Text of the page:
Opinion: The Wrong Show Must Go On...

silencio

I heard a story the other night about a critic who had gone to review immersive  multi-media circus/burlesque show Silencio at the London Wonderground and had not quite got what they bargained for. The show involves donning headphones when you enter so that you hear the commentary individually while you enjoy being bombarded by spoof adverts onscreen and real acts onstage. The only trouble for this critic was that they had their headphones tuned to a different channel, so instead of getting a synchronised voiceover they got a jarring seventies rock soundtrack instead. Perhaps unsurprisingly they gave the show one star and concluded that "The party in my head was going on in another dimension altogether."

They have my sympathy and understanding. When I saw Silencio my headphones were also in another dimension. While I watched a robot version of Cher strutting around I was listening to the End of the World sketch for the Secret Policeman's Ball featuring Peter Cook and Rowan Atkinson. I was actually quite enjoying the comedic juxtaposition until someone helpfully spotted my error thanks to an oddly coloured light on my earpiece and retuned me. I'd say Silencio is not quite fully-formed, but as a different way of cutting the currently ubiquitous circus salami it is worth three stars rather than one.

Mistakes can unfortunately happen, with both good and bad consequences. I went to see a sketch duo in Edinburgh last week called That Pair because somewhere along the line I'd heard that they were the duo formerly known as Toby who I'd seen do a good show on the Fringe a couple of years ago. As soon as they walked on I realised I was watching an entirely different duo, but stayed and enjoyed their knockabout humour anyway.

There's a funny anecdote in David Baddiel's new show which offers another take on this issue of mistaken identity. Baddiel talks about being mistaken at a social event for Ben Elton by Andrew Lloyd Webber and even speculates on the possibility that Lord Webber actually wanted to collaborate with Baddiel and asked Ben Elton by accident. Their musical, The Beautiful Game, was, after all, about football. West End musical history could have been so different if the Three Lions co-writer had worked with Lord Webber instead if the writer of The Wright Way.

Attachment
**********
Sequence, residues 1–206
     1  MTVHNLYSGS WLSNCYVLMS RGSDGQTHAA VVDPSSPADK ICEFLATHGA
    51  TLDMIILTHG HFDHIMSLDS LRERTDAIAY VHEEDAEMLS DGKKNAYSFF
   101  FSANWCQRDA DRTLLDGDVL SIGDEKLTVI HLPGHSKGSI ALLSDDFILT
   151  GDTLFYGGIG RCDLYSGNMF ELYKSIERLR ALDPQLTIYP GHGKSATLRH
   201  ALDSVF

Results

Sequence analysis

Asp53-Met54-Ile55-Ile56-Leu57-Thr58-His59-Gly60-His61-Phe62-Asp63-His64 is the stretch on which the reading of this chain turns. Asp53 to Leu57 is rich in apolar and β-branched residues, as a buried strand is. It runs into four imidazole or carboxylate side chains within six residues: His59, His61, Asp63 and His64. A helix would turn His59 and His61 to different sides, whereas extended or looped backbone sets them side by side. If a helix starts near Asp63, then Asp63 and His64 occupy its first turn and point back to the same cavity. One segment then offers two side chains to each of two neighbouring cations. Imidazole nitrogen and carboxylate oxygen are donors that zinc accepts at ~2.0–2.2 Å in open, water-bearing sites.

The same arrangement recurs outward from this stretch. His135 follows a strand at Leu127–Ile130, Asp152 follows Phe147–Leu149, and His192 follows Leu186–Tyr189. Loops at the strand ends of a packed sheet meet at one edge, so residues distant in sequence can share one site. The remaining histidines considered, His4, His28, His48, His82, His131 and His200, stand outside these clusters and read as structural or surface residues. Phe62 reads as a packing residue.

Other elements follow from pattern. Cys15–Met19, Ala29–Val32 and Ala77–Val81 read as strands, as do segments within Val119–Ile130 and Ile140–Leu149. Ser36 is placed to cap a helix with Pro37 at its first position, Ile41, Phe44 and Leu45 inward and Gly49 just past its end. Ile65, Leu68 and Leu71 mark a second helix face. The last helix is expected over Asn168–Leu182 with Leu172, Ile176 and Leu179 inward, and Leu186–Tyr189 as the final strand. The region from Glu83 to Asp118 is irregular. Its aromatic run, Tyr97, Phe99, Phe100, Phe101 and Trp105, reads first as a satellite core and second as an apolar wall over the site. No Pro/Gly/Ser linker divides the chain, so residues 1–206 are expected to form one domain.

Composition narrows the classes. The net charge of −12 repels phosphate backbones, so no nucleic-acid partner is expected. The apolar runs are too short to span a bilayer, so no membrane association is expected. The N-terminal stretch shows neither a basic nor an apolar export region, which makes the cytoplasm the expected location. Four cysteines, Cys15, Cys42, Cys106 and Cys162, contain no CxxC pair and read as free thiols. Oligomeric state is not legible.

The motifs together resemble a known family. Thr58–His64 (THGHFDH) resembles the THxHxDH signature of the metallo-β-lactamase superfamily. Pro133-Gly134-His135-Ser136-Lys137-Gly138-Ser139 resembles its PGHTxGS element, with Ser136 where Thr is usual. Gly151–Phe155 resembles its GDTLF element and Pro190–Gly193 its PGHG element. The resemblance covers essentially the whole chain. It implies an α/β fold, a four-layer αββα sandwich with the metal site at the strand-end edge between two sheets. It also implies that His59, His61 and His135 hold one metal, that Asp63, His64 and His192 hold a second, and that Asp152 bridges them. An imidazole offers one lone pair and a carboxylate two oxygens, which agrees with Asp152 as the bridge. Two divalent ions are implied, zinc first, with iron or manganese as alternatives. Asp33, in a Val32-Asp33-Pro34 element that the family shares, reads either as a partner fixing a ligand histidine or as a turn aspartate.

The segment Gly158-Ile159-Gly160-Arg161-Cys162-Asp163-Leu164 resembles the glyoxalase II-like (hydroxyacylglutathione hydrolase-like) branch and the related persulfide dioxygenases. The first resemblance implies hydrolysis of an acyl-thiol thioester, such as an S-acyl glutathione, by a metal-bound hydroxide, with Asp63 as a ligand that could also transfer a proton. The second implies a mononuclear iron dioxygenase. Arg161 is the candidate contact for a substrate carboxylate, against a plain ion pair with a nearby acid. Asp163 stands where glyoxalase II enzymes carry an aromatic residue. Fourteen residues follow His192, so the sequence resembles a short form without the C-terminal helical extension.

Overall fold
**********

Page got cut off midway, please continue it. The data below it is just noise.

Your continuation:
In Edinburgh where there are so many venues so close together and so many shows on at the same time it is easy to get things wrong. When Justin Edwards was on the Fringe playing sozzled kids' entertainer Jeremy Lion he had to have a very strict "no under 16s" door policy to ensure that nobody turned up with toddlers expecting a genuine children's entertainer and not a red-nosed alcoholic suffering from trapped wind.

I once went to see an American stand-up called Ben Bailey and within two minutes a couple got up and walked out. Bailey was not great but he was not that bad so I wondered what was going on. So did Bailey, who asked them why they were leaving. "We thought we'd booked tickets for Bill Bailey," they apologised. There but for the grace of God go a lot of journalists.

 

Silencio is on every Sat until Aug 24, www.londonwonderground.co.uk

 

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